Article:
I don’t quite recall these bots being my favorite toys; they were a bit effeminate, with Hundred the Conqueror, in particular, looking very much like a bustier version of Rosie from The Jetsons; back then, this would’ve been reason enough to steer clear of the toy line –– during a time when boys were not interested in playing with girl toys; that is girl action figures like April O’Neil from the original Teenage Mutant Ninja Turtles Playmates toy line or Wonder Woman from the Super Powers figures by Kenner. However, I did own Teela from Mattel’s Masters of the Universe, which was the closest to owning a Princess Leia figure I ever got back in those days.


Good ol’ Rosie the Robot from The Jetsons, one of my favorite cartoons growing up.

But the interesting thing is this: I can tell you to this day where I got most of my action figures and vehicles, and oftentimes from whom, too, but I can’t, for the life of me, recall where the heck all of these Robo Force protagonists and antagonists came from! I remember clearly my sister Renee buying me the original first generation Optimus Prime Transformers figure and my Uncle Chris getting me the Millennium Falcon one Christmas in the early ’80s; and I can still see my brother and sister-in-law bribing me down the aisle on their wedding day with a brand new Whiplash figure and unwrapping He-Man’s Talon Fighter at another family gathering around 1885. But these Robo Force figures? I can’t even remember the packaging these things came in, and certainly not the family member who bought them for me.

What’s the deal with robots, you ask? Although I’m a fairly rabid science-fiction fan, robots were something that took me a while to fully appreciate. I mean, I only saw The Day the Earth Stood Still last week. To this day, I’ve yet to watch an episode of Battlestar Galactica even though thanks to some good friends on Facebook I realized that a figurine I’d held onto for years was actually from the original TV series. As a matter of fact, the only TV show I ever watched show that featured a robot was Small Wonder. No Six Million Dollar Man. No Bionic Woman. No Star Trek: The Next Generation until I was much older.

But I am intrigued by the idea of robots, cyborgs, androids, and other forms of artificial intelligence, and even more so now than ever before since our own world is inching closer and closer to making these once staples of science-fiction storytelling an everyday reality. Drones are one thing, but other things like Google Glass and Oculus Rift, which allow the Internet to have an up close and personal seat in our psyches to control at the blink of an eye, is simply one step away from putting that Internet inside of us? Borg, anyone? For me, it’s a little too RoboCop for my comfort.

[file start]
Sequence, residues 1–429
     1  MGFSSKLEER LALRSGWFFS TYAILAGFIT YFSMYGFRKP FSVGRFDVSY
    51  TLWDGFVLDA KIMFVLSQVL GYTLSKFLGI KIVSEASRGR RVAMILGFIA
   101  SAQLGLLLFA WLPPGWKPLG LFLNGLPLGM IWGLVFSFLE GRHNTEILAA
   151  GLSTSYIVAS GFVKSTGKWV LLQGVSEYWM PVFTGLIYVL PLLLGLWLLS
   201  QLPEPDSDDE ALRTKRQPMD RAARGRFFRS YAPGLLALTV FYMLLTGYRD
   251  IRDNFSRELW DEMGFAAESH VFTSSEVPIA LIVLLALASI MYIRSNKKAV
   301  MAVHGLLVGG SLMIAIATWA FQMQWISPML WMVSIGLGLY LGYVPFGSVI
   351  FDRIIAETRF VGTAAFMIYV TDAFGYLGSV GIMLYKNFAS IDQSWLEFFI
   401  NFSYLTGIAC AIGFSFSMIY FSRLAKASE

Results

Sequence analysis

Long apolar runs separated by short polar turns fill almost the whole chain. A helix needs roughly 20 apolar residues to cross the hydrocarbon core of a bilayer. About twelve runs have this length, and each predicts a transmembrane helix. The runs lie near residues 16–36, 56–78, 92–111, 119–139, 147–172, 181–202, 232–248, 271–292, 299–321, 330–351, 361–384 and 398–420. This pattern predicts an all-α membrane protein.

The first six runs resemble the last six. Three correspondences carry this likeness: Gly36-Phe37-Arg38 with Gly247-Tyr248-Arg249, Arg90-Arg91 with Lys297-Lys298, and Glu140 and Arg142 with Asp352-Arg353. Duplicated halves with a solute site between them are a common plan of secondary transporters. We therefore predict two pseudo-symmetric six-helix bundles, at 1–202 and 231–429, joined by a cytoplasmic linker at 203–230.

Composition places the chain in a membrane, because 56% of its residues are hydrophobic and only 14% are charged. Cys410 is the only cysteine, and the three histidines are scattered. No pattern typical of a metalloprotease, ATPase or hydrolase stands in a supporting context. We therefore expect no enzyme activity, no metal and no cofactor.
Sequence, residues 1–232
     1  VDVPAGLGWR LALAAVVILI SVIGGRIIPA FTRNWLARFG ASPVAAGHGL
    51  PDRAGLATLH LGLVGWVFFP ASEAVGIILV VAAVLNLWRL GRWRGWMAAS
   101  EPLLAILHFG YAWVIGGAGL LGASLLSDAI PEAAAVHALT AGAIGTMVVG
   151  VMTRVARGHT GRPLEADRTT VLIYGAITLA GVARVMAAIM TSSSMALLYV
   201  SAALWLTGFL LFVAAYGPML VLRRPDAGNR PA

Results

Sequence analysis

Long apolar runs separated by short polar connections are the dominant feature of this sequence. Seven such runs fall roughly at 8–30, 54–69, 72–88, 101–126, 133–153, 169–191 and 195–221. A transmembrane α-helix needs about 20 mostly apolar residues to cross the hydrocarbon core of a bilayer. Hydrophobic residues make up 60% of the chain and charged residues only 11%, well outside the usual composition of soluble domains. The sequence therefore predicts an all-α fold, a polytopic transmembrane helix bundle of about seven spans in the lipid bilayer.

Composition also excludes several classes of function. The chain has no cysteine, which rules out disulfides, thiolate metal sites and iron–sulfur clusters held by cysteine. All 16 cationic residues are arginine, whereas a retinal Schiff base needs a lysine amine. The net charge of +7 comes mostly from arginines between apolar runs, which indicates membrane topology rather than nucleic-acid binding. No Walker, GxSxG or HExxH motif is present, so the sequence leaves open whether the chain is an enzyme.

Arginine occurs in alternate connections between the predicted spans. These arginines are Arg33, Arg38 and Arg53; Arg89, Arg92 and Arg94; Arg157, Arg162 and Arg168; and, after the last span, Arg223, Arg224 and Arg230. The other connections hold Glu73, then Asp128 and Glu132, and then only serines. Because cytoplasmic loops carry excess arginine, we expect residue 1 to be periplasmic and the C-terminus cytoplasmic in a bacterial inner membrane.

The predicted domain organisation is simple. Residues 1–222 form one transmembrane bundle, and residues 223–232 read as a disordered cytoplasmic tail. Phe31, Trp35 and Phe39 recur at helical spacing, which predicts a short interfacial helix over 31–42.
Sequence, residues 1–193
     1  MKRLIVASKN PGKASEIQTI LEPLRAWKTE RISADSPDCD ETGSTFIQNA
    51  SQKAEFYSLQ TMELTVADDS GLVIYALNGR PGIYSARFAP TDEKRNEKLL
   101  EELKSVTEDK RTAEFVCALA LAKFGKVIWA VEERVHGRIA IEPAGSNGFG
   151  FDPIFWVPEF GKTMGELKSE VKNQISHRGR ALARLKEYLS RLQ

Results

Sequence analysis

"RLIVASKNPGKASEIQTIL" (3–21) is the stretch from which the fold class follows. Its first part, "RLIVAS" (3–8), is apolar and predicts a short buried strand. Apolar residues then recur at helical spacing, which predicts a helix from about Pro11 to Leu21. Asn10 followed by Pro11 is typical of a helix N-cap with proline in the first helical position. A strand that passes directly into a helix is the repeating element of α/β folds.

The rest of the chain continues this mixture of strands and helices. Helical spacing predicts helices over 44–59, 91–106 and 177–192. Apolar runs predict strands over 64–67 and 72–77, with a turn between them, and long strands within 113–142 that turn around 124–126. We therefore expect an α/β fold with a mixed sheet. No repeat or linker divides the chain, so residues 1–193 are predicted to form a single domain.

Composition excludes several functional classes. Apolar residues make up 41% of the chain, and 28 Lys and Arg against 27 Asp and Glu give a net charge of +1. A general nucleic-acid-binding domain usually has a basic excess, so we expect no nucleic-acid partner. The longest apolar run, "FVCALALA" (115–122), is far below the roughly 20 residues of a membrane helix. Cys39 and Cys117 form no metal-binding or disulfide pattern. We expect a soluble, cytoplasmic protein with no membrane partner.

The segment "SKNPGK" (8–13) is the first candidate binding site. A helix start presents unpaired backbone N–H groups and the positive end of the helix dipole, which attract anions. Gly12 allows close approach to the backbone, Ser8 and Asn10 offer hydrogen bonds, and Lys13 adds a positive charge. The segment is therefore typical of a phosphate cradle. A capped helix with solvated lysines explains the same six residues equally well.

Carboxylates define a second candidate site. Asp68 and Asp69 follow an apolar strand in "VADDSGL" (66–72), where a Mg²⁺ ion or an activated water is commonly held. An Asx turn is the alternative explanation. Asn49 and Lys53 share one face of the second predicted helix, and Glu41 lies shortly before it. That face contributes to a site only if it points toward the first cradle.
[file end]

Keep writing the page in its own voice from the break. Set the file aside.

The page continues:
The only robot I had any remote liking to back in my younger days was C-3PO, and I think it was because, besides Transformers and even the GoBots, Threepio was all-too human deep beneath his golden shell. Then you have robots like the nameless one from Lost in Space, Robby from Forbidden Planet, and the Daleks from Doctor Who, which are not humanoid in any way, but intriguing in shape, function, or even its purpose for existence.

Forbidden Planet (1956)

Forbidden Planet (1956)

So it doesn’t surprise me that I really can’t remember where these Robo Force figures from my younger years had come from. But I do remember playing with them on a somewhat regular basis whenever I tired of my SilverHawks flight laps around the apartment and the Ghostbusters adventures during my weekend visits to my brother’s house in Bergenfield.

And just as I don’t remember where I originally got this particular line of toys from, I also don’t remember how they left me, either. It’s as though they appeared when I needed some robotic buddies most, then exited through the gift shop just as mysteriously as they came.

*          *         *

So remember that figurine I mentioned earlier? This it is: the small figurine that partially spawned this blog post. Thanks to my friends Ian Dangerfield, Geoff Mosher, and Patrick Boyle, we discovered that it’s an original 2-inch Cylon Centurion figure from Mattel’s Cylon Raider vehicle from 1978 –– the very year I was born.

Here's my Cylon Centurion, which has been with me for as long as I can remember.

Here’s my Cylon Centurion, which has been with me for as long as I can remember.

What vintage toy robots did you grow up with, that you either remember fully or vaguely. I’d love to know!

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What Exactly Is a “Hipster Noir,” You Ask?

Well, I’m happy to report that I’m finally able to tell you all what exactly a “hipster noir” is, now that I’ve finished the brief synopsis of my very first supernatural, metaphysical mystery novel.

What started out as a series of comic character sketches back in May of 2013 during my morning commute to work somehow took form and became my very first 60,000-word novel by January of 2014. I had been calling it Hipster Noir, mainly because my main character, a private eye named Sebastian Holden, was inspired by a noired-up fellow I saw while waiting for a table at Otto in NYC. He was dressed like an old school detective, complete with trench coat and matching hat. The only thing that struck me as off-kilter was his great bushy beard, straight out of a day trip to Williamsburg (or, these days, Jersey City).

If Fred McMurray here had a grizzly beard, he'd be a dead ringer for Sebastian Holden, P.I..